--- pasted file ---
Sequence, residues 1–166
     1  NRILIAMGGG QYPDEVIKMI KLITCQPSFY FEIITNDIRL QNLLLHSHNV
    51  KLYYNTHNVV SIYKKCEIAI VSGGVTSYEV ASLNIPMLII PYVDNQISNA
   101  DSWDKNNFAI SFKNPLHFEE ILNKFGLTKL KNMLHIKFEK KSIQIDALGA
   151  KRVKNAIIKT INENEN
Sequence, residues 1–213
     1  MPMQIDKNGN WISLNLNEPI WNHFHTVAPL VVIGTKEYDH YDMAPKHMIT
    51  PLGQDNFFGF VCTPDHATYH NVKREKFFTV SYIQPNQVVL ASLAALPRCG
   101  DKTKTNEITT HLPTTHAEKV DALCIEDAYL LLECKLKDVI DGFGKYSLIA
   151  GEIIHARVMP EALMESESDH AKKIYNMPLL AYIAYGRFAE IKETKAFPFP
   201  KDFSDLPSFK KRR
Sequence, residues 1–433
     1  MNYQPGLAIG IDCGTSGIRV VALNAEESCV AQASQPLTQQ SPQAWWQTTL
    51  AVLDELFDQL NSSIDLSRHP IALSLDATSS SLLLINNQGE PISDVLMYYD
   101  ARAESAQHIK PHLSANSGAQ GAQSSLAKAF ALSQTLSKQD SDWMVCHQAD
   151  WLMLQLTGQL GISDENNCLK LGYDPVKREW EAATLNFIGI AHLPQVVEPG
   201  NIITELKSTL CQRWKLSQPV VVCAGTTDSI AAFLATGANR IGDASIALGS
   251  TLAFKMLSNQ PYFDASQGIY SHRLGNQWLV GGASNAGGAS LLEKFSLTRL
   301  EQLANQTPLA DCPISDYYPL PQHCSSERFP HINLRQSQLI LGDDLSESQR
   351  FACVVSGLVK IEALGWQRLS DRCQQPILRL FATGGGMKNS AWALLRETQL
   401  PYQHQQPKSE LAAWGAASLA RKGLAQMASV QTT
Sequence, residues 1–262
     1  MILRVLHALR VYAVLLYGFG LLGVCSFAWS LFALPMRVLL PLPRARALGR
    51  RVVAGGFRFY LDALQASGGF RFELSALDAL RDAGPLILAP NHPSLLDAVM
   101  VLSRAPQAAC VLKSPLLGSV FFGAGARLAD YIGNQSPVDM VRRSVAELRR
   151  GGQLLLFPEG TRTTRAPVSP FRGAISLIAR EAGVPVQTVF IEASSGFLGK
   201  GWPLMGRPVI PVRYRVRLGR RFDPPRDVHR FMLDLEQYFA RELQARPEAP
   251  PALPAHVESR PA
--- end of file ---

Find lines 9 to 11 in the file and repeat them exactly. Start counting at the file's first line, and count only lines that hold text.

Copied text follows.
   101  DKTKTNEITT HLPTTHAEKV DALCIEDAYL LLECKLKDVI DGFGKYSLIA
   151  GEIIHARVMP EALMESESDH AKKIYNMPLL AYIAYGRFAE IKETKAFPFP
   201  KDFSDLPSFK KRR